Offspring of clones in food chain leaves EU in bind

Mar 17, 2011
Hungarian Minister of Agriculture Rural Development Sandor Fazekas gives a press conference during the European environment ministers council meeting in Brussels on March 14. A new law regulating access for the first time for offspring of cloned animals to meat markets in Europe is heading for the dustbin, the European Union's current chair said Thursday.

A new law regulating access for the first time for offspring of cloned animals to meat markets in Europe is heading for the dustbin, the European Union's current chair said Thursday.

A string of "Frankenfood" scares following the emergence of "non-traceable offspring" in the food chain in Britain and elsewhere lies behind an unusually hard line from the -- but leaves gaps in legal provisions that pre-dated 1996 trailblazer wide open.

Negotiations going back three years among the 27 states, the executive European Commission and the elected parliament that together must craft EU policy collapsed in acrimony after nine-hour overnight talks, incurring the anger of farm ministers meeting in Brussels.

Parliament's rejection of legislation as drafted "would require drawing a family tree for each slice of cheese or salami, which is practically impossible," said Hungarian rural development minister Sandor Fazekas, chairing the talks.

Negotiators for the MEPs "did not have the flexibility to discuss the possibility of allowing foodstuffs from naturally conceived animals with clones among their ancestors."

He said states had agreed "the maximum possible protection of consumers with a system that is practically and legally feasible."

Anything more "would be misleading consumers and create horrendous extra cost for farmers," Fazekas added.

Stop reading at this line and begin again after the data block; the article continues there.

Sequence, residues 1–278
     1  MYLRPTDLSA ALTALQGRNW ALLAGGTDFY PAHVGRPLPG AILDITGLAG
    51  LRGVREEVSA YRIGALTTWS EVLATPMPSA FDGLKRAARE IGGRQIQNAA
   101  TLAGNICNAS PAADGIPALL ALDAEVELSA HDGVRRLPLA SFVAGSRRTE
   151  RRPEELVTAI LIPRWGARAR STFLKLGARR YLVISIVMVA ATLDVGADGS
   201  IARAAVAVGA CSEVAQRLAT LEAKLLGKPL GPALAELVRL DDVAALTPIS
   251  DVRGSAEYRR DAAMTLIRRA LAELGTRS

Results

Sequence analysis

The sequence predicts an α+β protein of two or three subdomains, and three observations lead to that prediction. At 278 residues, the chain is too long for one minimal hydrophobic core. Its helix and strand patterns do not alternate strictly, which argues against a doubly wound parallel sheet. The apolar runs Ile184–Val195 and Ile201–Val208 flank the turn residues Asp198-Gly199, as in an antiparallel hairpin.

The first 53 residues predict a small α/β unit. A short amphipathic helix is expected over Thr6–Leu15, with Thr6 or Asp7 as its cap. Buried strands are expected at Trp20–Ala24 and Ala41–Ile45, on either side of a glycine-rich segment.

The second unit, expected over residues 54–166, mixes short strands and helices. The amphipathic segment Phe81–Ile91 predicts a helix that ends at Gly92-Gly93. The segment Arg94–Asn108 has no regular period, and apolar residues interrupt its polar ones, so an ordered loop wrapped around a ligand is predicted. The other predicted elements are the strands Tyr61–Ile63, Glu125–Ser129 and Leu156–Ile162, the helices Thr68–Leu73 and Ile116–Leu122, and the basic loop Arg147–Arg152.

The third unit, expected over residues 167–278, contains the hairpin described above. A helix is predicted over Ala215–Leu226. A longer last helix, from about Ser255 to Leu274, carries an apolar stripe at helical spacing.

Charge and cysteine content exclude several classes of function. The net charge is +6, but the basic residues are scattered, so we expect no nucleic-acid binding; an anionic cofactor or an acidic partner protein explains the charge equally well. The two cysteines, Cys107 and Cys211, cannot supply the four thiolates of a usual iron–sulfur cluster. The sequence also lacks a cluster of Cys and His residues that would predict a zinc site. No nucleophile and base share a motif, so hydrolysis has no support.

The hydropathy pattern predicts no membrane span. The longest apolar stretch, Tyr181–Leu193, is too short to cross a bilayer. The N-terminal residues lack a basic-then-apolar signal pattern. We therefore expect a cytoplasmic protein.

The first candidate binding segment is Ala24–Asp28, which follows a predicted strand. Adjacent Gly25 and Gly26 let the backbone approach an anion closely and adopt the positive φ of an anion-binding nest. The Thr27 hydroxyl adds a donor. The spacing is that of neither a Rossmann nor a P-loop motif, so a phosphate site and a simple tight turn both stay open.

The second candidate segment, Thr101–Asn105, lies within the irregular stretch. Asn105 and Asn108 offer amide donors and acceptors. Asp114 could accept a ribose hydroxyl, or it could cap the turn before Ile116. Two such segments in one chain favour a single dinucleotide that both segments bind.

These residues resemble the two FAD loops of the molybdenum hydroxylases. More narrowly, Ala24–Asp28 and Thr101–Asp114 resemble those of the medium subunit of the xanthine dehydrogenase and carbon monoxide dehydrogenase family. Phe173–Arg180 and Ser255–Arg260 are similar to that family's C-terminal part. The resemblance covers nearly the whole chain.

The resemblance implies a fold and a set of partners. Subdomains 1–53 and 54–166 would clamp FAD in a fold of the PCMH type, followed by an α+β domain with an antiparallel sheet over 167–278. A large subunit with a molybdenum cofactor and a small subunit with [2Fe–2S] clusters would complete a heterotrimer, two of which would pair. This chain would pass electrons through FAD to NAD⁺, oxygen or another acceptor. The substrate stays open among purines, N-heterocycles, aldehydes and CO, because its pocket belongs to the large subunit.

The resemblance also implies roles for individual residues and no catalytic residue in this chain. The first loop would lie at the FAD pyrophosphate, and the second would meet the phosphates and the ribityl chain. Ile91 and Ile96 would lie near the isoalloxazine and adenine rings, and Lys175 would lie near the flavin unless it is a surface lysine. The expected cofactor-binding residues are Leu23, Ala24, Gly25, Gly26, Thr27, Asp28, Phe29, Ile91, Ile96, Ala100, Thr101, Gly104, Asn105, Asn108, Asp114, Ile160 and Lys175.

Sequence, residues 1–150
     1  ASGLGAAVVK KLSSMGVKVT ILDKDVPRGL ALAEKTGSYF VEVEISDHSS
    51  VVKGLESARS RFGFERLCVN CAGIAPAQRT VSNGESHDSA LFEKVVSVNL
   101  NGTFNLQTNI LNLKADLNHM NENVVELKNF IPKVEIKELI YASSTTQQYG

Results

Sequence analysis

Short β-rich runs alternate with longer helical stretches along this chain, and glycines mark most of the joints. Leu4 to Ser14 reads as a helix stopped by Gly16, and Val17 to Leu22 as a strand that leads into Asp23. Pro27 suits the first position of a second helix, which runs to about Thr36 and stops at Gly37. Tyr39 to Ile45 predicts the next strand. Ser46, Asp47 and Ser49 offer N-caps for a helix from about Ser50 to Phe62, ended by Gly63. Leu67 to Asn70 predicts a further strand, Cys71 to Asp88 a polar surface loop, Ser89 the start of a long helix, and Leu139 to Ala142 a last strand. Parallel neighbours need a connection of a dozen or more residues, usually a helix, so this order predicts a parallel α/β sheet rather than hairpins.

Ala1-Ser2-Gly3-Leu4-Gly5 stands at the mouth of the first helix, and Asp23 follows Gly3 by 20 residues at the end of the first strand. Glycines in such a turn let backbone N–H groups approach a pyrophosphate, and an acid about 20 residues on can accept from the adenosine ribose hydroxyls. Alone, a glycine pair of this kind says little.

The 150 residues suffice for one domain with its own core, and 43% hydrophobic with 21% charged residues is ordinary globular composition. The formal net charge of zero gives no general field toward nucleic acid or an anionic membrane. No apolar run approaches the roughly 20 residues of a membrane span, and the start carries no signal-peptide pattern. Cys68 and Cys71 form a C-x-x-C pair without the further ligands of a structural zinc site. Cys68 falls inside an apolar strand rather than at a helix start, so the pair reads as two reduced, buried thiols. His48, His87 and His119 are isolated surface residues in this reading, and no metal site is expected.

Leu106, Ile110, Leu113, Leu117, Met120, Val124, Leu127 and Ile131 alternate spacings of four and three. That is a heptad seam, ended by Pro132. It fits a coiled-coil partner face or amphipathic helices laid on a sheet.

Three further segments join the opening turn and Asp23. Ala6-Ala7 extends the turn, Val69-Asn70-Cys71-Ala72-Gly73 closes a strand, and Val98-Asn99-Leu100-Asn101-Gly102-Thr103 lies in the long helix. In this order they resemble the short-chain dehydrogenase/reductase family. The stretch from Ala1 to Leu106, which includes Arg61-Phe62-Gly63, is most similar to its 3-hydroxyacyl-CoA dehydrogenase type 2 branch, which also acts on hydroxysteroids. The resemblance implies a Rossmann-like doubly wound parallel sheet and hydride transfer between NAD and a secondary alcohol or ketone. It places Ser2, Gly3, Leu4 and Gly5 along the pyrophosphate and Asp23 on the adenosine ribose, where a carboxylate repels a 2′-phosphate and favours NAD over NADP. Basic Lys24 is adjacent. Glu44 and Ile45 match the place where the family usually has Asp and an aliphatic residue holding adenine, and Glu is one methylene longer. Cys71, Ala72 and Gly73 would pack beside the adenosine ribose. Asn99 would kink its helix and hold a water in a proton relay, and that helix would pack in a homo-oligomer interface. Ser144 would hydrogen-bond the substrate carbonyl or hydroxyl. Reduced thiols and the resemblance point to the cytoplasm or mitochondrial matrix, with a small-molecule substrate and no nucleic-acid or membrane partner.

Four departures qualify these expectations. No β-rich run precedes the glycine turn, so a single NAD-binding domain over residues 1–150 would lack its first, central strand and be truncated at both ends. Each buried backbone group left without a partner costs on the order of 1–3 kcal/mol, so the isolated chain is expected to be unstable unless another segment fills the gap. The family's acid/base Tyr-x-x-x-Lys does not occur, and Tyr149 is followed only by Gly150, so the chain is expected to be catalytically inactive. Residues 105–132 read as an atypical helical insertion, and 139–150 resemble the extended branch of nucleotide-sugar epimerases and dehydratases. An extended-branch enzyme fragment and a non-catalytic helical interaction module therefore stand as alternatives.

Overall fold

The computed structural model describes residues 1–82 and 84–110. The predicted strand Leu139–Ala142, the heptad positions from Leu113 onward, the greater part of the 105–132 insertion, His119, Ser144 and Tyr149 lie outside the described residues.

The states and the EU's executive maintain that a ban on the sale of naturally born offspring of cloned animals, which the parliament wants, "would result in a trade ban on beef, pork and dairy product."

They argue this would increase prices and risk retaliation by trading partners, hitting rural agricultural exports.

for research is not covered in the legislative proposals, which must be wrapped up by the end of March or go back to the drawing board.

"Last-chance conciliation" is set for March 28.

The parliament's negotiators said it was "incredible" that states were "exclusively tied to commercial trade interests" and "willing to turn a blind eye to public opinion, as well as the ethical and animal welfare problems associated with cloning."

Explore further: Noted researchers warn that biomedical research system in US is unsustainable

add to favorites email to friend print save as pdf

Related Stories

No cloned steaks on EU plates

Oct 19, 2010

The European Union on Tuesday announced plans for a five-year ban on animal cloning for food production as well as a traceability system for imports of semen and embryos of clones.

EU committee rejects clone food plan

May 04, 2010

An EU parliamentary committee on Tuesday rejected a controversial proposal to allow food from cloned animals and their offspring onto the European market.